Teaching English at a winter or summer camp in Korea is a great way to earn good money, gain teaching experience and live in another country short term. Camp sessions usually run two to four weeks, at the end of December and again at the end of July.
This past January, I had the pleasure of teaching at a winter camp in Korea for the first time. Having never taught in Korea before, I had a lot of questions about what to expect, what to bring and how to actually teach the kids English.
I did a lot of research before I left to try to find answers to my questions and although I did find some general tips for teaching English overseas, I couldn’t find any information specifically to teaching at a Korean winter or summer camp. All the questions I had that were not answered, or I didn't think to ask, are answered here.
Although this article is written for people going to teach at a short term camp, the information may be helpful for people planning on teaching in Korea long term as well.
The salary for camps usually averages between 2.1 million and 3.2 million, depending on the length of the camp. Unlike long term teaching positions in Korea, camps typically do not pay for their teacher's airfare. This is because of the short duration. However, room and board are fully paid for by the camp so, except for the airfare, your entire salary is yours to save or spend.
The dress code for teachers at English camps is usually casual. Jeans, khakis, corduroys, skirts, sneakers, casual shoes, etc. should be fine. Just be sure they are not ratty looking, no holes, stains, etc.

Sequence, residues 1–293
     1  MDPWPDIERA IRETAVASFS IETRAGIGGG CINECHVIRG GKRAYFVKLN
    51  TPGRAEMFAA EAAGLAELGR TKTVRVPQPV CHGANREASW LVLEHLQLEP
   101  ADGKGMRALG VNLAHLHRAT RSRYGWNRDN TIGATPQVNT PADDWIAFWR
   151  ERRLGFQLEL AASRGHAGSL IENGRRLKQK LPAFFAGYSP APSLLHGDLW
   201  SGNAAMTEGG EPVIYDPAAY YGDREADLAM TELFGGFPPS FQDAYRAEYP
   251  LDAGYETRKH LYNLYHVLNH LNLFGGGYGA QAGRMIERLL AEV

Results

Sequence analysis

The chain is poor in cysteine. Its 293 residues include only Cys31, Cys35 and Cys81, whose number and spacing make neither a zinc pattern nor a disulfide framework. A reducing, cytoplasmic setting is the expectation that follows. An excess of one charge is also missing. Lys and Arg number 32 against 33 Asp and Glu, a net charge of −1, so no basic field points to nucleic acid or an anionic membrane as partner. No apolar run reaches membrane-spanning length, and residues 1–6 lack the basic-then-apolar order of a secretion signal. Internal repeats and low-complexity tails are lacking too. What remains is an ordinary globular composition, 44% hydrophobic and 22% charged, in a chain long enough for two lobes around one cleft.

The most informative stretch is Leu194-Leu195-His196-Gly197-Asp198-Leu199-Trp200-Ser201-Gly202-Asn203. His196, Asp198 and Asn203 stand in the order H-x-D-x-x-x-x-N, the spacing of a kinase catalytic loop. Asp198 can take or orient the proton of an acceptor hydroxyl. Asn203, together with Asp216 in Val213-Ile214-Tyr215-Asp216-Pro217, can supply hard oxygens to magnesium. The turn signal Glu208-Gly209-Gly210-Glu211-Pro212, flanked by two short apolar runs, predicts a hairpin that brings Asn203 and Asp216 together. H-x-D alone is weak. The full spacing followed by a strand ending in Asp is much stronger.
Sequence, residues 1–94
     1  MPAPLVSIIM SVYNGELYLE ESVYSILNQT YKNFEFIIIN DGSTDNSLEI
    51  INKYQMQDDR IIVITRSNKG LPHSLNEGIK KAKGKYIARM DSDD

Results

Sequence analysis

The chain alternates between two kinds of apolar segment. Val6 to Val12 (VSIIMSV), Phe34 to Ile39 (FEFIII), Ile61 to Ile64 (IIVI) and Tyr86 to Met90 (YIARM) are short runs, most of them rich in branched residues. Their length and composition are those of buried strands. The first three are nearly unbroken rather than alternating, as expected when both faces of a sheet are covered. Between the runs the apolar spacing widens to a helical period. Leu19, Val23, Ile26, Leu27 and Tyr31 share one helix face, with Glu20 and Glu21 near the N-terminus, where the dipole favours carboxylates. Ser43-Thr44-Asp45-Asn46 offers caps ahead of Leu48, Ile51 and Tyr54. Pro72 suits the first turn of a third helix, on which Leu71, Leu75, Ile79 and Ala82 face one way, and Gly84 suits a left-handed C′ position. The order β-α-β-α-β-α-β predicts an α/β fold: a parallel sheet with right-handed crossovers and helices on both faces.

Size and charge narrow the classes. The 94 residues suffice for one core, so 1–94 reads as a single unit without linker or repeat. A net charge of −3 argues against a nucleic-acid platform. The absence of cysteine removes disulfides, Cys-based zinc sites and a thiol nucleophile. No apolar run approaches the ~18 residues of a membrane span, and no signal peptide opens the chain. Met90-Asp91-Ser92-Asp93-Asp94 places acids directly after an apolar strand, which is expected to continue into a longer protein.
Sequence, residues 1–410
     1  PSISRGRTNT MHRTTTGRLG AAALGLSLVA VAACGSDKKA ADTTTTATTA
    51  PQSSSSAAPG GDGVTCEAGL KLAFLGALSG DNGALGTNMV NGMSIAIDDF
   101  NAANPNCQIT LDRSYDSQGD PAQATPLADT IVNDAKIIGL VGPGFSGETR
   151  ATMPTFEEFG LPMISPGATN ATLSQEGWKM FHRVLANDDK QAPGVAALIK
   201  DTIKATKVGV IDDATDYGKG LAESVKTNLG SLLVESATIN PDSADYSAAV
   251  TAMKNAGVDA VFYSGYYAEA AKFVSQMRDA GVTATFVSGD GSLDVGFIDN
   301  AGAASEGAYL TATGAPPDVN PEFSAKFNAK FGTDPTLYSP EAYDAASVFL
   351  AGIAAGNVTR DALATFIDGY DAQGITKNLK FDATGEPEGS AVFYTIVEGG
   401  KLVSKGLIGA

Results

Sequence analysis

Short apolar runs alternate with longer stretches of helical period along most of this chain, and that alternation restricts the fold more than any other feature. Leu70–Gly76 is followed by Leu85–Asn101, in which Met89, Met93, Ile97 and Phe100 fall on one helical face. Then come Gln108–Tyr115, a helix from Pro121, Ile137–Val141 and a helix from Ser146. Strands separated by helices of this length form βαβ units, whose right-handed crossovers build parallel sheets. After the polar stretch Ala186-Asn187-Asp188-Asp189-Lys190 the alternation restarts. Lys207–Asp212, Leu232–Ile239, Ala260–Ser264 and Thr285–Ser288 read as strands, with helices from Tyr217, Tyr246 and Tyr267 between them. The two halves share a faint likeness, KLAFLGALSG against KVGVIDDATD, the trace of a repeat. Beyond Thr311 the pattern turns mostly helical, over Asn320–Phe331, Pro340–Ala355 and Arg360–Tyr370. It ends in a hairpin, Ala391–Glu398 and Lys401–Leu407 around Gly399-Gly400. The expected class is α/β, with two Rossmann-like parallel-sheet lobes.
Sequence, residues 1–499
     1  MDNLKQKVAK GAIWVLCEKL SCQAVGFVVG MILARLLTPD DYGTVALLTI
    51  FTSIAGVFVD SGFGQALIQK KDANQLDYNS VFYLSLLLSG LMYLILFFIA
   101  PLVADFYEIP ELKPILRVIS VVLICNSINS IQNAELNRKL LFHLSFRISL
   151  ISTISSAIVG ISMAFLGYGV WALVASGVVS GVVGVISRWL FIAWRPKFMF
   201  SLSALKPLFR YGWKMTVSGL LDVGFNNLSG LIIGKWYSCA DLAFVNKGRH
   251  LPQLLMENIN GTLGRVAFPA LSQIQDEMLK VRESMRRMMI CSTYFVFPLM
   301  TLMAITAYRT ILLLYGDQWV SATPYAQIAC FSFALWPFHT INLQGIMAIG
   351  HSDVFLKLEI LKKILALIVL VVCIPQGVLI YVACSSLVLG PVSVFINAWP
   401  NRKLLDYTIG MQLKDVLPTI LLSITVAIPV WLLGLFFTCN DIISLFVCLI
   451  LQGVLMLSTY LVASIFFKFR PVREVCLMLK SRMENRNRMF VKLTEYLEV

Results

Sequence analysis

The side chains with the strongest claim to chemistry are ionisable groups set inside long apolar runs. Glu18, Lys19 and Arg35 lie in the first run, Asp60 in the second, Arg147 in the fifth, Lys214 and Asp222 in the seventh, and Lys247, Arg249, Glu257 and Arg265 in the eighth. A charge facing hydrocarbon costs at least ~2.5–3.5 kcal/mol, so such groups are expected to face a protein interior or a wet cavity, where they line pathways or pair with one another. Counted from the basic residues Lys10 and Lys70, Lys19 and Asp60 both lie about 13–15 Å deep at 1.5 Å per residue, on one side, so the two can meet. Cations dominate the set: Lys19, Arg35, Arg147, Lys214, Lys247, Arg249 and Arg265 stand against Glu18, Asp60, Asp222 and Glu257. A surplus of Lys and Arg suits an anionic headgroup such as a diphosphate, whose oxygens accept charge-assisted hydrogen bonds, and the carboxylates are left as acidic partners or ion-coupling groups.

Because camps are intensive programs, the hours can be very long. Days can be 12 hours long, 6 days a week with half a day off on the 7th day. The students may go on field trips once a week which, many times, teachers have the option or go with them or take the half day off. You will most likely have to eat with the students in the cafeteria.
Teaching at an English camp in Korea is a different experience than teaching longer term at a school or hagwan. The English camps are intense – long days and long hours for both teachers and students. Because the kids are away from home, many for the first time, there is a certain amount of emotional support that needs to be given the children that would not need to be at a school. This also allows you to really get to know the kids, which is one of the best parts about the camps.
Read more about what to pack for English camp in Korea.
Rewards and Classroom Rules
There will most likely be a reward system in place in your camp. In the one I worked at, students were awarded ‘Happy Money’, business card sized camp money that they could use at designated times to buy snacks. As a teacher, it is your call on when to give a student the reward.
There was a lot of ‘why did he get Happy Money and I didn’t’ and ’that’s not fair’ the first day. It made my life easier to make a list of reasons to give students happy money so that it was clear what they needed to do to earn it.
For example, I don’t think it’s appropriate to reward kids just for being smart, so I rewarded them for doing their best at the level they were at the time and any improvement I saw. I also played a lot of games in my classes – hangman, Pictionary – using new vocabulary and grammar. The winning team would be rewarded.
My students needed to work on manners, so when they behaved well, they were rewarded. Students that helped me out, were kind and helpful to each other, when they listened well, etc, they were rewarded.
You Are There for the Students
Most importantly, remember that you are there FOR THE STUDENTS. They should be your priority at all times. It is also VERY important that you are able to take the inevitable last minute changes, non-communication and disorganization in stride. If you are someone that has a hard time rolling with these kinds of things, you will have a very frustrating experience.
This is an overview of information about how it is typically when teaching English at a Korean camp. It is a good idea to ask your recruiter about how it will be at your camp, as sometimes things vary from camp to camp and year to year.